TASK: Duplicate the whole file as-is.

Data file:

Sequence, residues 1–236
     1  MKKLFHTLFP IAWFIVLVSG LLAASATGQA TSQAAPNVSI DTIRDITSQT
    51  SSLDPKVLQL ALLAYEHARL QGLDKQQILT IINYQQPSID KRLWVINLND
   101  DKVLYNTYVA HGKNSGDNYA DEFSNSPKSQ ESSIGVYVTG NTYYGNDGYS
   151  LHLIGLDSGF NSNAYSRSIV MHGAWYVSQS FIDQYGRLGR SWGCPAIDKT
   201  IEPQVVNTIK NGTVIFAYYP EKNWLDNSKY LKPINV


Sequence, residues 1–236
     1  MKKLFHTLFP IAWFIVLVSG LLAASATGQA TSQAAPNVSI DTIRDITSQT
    51  SSLDPKVLQL ALLAYEHARL QGLDKQQILT IINYQQPSID KRLWVINLND
   101  DKVLYNTYVA HGKNSGDNYA DEFSNSPKSQ ESSIGVYVTG NTYYGNDGYS
   151  LHLIGLDSGF NSNAYSRSIV MHGAWYVSQS FIDQYGRLGR SWGCPAIDKT
   201  IEPQVVNTIK NGTVIFAYYP EKNWLDNSKY LKPINV